In a wide-ranging talk, Black discussed his work as a journalist, novelist, screenwriter and producer, and gave advice to aspiring writers in the audience.
Black described television shows as undergoing a revival, a change he said was due to their relatively low cost compared to movies.
“TV is a hungry mall,” he said. “TV needs writers—good reliable writers. If you are a good writer they will make you very rich, very successful, very fast.”
When asked what he thought was the best programming on television, Black was unhesitating in his response.
“The smartest two shows on TV today are ‘South Park’ and ‘The Simpsons,’” he said. “They’re smart, they’re funny and they keep surprising the audience. I’d love to write for them.”
According to Black, who has written and produced numerous television shows including “The Education of Max Bickford,” “Miami Vice,” and “Law & Order,” breaking into Hollywood as a writer is a matter of persistence.
“Find a show you feel passionate about,” he said. “Write to the executive producer and say ‘I’m willing to work for free for three months.’ When they say ‘no’ go out there and stalk them until they say ‘yes.’”
A prolific writer, Black has published nine books and over 150 articles in magazines, including The New York Times Magazine, Harper’s and Rolling Stone. He has received an Emmy nomination and Golden Globe nomination for “Law & Order,” three Edgar Allan Poe Award nominations and a Pulitzer Prize nomination. He has won numerous awards, including the Writers’ Guild of America award for his feature The Confession, as well as Playboy’s Best Article of the Year Award.
Aspiring writers should make a habit of writing every day for three hours, Black said.
“As long as you’re writing every day it doesn’t matter what else you are doing,” he said.
Students in the audience with an interest in writing said they found Black’s talk helpful and inspiring.
Julia A. Griffin ’03 seemed to take his advice to heart.
“As a senior thesis writer I’m particularly interested in hearing what people have to say about the writing process,” she said. “I’m not sure about the three hours a day thing, but I’d like to try.”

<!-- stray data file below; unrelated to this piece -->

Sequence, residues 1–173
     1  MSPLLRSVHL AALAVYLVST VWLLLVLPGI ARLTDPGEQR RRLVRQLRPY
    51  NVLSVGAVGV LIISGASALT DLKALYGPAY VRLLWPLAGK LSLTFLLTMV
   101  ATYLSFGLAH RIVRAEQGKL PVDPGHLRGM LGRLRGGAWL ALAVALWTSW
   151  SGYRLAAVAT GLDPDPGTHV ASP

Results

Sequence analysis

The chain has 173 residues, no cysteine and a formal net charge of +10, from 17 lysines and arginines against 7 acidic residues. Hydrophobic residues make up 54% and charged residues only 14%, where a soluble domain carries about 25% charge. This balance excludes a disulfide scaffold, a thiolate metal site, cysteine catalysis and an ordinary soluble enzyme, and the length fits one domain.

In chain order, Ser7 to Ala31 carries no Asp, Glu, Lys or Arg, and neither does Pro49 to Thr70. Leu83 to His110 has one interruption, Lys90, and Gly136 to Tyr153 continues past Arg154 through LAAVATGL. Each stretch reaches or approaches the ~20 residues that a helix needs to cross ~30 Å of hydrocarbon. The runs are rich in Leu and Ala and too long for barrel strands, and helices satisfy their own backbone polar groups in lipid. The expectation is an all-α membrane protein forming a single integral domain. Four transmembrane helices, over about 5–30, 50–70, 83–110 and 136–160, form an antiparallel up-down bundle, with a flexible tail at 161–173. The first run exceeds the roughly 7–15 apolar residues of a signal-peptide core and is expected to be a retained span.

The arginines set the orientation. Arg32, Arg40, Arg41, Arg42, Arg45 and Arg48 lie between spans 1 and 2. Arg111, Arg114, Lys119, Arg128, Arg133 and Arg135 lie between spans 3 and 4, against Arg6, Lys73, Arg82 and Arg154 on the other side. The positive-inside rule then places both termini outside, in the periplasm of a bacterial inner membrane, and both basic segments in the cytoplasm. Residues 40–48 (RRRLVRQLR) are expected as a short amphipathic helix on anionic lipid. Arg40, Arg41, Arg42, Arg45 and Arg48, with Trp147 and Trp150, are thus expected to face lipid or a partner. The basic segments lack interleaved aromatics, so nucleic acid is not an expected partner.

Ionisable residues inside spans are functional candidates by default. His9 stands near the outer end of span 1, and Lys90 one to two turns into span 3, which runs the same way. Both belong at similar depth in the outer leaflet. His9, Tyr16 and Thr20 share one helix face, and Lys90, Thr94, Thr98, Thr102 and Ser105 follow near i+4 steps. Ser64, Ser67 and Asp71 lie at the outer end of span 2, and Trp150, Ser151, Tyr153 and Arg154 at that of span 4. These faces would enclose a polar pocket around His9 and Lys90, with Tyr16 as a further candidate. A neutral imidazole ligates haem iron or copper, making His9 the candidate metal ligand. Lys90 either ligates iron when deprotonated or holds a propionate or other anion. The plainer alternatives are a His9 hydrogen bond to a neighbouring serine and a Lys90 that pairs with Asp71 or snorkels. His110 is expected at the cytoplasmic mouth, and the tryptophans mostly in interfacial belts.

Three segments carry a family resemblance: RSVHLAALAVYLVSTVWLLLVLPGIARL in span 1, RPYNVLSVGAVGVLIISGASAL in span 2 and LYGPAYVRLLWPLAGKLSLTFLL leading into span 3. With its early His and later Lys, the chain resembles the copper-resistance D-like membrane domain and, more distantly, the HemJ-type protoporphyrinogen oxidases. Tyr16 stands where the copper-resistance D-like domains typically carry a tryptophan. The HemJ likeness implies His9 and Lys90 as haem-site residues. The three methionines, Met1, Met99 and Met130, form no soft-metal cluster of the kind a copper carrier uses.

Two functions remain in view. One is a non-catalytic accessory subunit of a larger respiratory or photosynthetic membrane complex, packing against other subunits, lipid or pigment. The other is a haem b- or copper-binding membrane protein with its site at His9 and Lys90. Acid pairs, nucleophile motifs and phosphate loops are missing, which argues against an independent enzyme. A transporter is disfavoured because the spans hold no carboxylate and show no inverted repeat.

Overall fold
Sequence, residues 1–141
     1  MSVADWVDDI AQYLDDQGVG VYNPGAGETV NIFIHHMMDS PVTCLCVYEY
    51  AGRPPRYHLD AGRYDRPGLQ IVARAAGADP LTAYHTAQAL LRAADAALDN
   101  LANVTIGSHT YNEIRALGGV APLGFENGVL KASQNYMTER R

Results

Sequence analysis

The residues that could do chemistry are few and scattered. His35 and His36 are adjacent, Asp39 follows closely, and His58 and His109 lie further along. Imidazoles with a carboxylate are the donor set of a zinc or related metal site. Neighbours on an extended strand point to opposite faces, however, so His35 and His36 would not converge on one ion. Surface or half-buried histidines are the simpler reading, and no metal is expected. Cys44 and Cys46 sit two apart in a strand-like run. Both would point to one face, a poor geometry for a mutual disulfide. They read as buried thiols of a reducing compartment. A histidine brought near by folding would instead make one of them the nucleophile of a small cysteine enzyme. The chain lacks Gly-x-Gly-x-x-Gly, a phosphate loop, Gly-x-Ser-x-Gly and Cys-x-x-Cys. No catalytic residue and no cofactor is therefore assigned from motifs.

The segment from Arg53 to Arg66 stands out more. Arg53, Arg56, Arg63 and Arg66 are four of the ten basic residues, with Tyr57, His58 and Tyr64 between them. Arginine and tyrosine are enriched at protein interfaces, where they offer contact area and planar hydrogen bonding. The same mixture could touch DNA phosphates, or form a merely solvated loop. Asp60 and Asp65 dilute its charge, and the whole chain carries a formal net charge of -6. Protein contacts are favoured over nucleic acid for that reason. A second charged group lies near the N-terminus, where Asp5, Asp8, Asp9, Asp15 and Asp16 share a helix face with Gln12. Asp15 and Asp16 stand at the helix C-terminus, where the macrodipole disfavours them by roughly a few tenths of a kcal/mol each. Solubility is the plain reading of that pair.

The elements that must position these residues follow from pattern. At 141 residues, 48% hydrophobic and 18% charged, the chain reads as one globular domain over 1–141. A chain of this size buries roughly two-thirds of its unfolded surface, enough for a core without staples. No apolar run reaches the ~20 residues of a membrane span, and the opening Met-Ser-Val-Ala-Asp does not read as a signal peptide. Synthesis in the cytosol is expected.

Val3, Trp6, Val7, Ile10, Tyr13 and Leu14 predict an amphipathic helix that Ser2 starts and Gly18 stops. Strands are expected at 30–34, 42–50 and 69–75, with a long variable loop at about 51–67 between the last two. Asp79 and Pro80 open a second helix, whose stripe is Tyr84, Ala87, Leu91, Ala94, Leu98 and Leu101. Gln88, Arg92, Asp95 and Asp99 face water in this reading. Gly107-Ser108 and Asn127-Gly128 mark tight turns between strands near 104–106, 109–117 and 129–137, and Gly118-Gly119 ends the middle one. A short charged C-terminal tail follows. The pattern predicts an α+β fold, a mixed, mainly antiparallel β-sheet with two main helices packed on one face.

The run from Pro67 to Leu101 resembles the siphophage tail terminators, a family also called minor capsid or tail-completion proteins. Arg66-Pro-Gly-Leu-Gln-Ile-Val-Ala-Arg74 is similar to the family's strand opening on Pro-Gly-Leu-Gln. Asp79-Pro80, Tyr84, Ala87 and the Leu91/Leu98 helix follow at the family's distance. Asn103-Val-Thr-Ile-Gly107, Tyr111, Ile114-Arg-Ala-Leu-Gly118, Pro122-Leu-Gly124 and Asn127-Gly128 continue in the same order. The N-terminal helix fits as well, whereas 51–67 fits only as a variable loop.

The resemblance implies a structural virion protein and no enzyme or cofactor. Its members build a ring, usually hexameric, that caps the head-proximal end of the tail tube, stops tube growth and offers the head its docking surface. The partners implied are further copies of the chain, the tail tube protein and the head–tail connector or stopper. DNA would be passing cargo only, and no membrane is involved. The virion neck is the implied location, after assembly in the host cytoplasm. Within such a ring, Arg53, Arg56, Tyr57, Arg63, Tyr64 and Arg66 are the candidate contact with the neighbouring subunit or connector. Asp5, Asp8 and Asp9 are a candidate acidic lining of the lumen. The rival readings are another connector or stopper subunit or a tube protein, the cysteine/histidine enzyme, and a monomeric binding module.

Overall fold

Other students were drawn to his talk by the presence of actor Richard Dreyfus, a friend of Black’s.
B.J. Averell ’02-’03 said he came because he “heard Richard Dreyfus was speaking.” In fact, Dreyfus attended the talk to give his friend moral support, he said.
When asked how he and Dreyfus became friends, Black joked, “We were arrested together.”
Black was the third speaker to appear in a series of media- and politics-focused talks hosted by the Kirkland Senior Common Room (SCR), following appearances by Gary Hart in late September and Jack Valenti yesterday afternoon.
Kirkland House Resident Scholar Peter V. Emerson, whom Co-Master Verena A. Conley said was “instrumental” in inviting speakers to the House, emphasized the conversational nature of the series.
“In these talks both students and speakers learn from each other,” he said. “That’s the purpose of these conversations.”
Emerson, a former senior advisor on media relations for inflation in the Carter White House, met many of the invited speakers though mutual friends while working in politics and marketing.
In early December, Glenn Close and Chris and Kathleen Matthews are scheduled to appear.